There were several mills put up on the stream; none Of them lasted a great while, though. The difficulty was to get a dam which would stand the pressure of spring freshets and the rainy season.
John Rice had a mill which, by constructing a long ” race,” had about seven feet fall. It was built about 1840, and had the old-fashioned “flutter” wheel and gate. Hon. John Cusey run this mill for some time. He says that he has sawed as high as four thousand feet in twenty-four hours, though this was far above the average capacity of the mill. It was customary to saw logs for the half, or small lots for 50 cents per hundred feet. Much of the lumber went to build Bloomington, and some of the houses stand there yet. In the absence of pine, which now forms every portion of the houses built, the buildings were made entirely of hard wood-home-sawed lumber. The clapboards and casings were of black-walnut, the frame of oak, hewn out, and the joints, braces, etc., sawed. No ” balloon” buildings were built in those days. The floors were ash, and the lath either basswood or oak, split with an as by laying the pieces on a plank, so that the entire board would hang together when put on the wall, and separated to the required distances by driving wedges in until they were nailed. The shingles were of oak or black-walnut, shaved. Such shingles. if properly laid, would last forty years, or until they were, like the ” Deacon’s Masterpiece,” worn out.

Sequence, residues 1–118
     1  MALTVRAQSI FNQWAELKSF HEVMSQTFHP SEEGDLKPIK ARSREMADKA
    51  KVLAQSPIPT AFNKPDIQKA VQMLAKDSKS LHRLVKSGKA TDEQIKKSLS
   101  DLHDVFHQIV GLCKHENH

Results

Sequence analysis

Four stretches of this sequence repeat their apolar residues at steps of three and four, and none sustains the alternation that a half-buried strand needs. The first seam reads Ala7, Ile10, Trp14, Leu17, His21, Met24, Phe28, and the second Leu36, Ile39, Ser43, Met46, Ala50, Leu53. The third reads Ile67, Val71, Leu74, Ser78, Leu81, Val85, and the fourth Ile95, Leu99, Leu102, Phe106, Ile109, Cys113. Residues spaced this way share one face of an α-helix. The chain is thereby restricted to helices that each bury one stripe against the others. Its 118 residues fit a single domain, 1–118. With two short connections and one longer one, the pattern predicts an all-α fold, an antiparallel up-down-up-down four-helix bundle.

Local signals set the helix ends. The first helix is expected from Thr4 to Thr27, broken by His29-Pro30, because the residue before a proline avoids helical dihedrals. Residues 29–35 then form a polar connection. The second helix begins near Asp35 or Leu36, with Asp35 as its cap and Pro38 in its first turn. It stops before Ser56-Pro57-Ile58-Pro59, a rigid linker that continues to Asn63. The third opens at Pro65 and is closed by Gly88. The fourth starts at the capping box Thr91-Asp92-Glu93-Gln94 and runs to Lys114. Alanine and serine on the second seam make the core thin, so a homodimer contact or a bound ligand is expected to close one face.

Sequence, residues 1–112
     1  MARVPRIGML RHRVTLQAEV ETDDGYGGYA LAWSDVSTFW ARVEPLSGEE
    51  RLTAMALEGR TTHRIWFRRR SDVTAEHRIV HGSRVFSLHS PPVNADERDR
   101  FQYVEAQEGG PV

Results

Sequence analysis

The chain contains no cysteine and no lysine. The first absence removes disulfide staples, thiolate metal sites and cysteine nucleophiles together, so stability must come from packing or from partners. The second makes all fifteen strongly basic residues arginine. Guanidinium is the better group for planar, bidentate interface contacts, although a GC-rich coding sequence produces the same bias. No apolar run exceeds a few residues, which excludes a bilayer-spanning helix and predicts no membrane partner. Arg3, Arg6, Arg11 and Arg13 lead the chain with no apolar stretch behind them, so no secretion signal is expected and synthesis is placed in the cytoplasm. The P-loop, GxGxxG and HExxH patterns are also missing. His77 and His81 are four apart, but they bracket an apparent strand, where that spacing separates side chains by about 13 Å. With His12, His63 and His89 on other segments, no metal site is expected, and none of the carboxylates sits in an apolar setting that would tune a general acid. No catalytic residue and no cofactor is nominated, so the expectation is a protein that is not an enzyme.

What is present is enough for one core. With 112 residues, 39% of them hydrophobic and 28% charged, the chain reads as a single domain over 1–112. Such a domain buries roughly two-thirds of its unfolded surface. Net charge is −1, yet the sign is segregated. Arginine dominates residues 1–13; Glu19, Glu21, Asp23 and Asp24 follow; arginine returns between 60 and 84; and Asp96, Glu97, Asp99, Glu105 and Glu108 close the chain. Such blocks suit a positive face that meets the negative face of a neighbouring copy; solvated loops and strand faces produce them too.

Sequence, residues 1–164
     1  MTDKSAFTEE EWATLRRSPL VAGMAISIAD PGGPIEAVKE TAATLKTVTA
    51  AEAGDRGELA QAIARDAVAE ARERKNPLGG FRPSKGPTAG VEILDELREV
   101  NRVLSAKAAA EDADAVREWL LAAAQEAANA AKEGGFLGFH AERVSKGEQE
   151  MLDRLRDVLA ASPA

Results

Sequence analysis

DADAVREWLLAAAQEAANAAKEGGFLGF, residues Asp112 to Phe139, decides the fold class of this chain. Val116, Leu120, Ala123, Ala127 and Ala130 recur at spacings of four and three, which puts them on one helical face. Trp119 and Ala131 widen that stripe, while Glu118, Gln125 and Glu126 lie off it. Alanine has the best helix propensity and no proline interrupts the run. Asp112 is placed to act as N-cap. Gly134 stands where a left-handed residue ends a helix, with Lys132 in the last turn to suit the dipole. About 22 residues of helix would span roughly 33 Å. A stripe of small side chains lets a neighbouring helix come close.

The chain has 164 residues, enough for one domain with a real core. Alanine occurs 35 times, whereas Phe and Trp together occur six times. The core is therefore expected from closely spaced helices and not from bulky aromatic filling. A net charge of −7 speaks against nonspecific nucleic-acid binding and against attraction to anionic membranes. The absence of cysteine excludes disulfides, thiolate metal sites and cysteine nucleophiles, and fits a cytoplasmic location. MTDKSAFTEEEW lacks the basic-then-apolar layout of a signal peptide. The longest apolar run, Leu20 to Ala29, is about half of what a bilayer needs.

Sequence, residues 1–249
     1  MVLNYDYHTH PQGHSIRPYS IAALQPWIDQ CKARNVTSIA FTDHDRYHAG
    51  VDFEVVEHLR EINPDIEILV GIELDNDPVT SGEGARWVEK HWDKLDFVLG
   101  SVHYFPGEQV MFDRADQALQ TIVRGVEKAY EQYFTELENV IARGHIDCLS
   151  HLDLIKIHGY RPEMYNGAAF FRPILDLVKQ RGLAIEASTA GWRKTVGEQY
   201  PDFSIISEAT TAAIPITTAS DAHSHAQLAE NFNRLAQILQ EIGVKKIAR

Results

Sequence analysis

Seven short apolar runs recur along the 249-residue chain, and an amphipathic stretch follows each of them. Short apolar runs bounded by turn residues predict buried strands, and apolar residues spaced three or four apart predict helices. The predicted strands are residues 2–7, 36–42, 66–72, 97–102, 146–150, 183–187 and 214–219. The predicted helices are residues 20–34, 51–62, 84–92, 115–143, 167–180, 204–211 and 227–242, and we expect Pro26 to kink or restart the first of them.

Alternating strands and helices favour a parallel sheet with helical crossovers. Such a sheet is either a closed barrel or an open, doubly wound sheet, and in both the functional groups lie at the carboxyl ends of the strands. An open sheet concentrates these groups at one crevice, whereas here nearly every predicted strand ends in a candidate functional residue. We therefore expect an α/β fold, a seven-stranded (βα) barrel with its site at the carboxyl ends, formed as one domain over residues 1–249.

Severe Stringfield had a grist-mill further down stream, near the southwest corner of Section a. It was built about 1831. It was about. 16×20, one story high, and had a water-head of about five and one-half feet. The stones were home-made, being eut out of the bowlders found here on the prairie. They were little more than two feet in diameter, and did very good service. The lower one, since it. has ceased to do service as a ” nether mill-store,” is serving its generation as a door-step for H. C. Bishop’s house. What service it will next see is not for the historian to undertake to say. Elder Elijah Veatch put up a mill, about 1840, on the same stream ; and some genius, whose name even has departed from memory, started a pottery about the same time. It was not a success, however. It was on Section 17, on the Jacoby branch. The township took its name from Lawson Downs, who came here from White County-though originally from Tennessee-in 1829, and took up a claim at “Diamond Grove,” on Section 6, some years before the land here came into market. He afterward entered this land, and left it to his children. He was here during the deep snow, and endured the hardships of that terrible winter, when he had to dig his sheep out of the snow, hunting them as the boys do ground-squirrels, by their holes. He served, under Capt. Covell, of Bloomington, in the Black Hawk war for thirty days. He was married, in 1836, to Sarah Welch, by whom nine sons were born, six of whom grew up to manhood. His life was devoted to farming, and received the reward which industry and frugality brought to those who turned the wild places into firms. He died in 1860, at the age of fifty-one, honored and respected by his neighbors.